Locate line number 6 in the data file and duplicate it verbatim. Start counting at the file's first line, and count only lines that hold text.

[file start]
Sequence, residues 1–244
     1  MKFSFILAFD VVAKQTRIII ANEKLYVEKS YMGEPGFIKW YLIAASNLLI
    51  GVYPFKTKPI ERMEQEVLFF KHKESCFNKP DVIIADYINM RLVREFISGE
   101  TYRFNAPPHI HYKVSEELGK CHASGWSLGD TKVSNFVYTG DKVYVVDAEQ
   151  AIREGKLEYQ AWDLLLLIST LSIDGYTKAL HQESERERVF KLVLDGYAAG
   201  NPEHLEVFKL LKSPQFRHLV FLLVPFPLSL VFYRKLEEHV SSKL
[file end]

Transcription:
   201  NPEHLEVFKL LKSPQFRHLV FLLVPFPLSL VFYRKLEEHV SSKL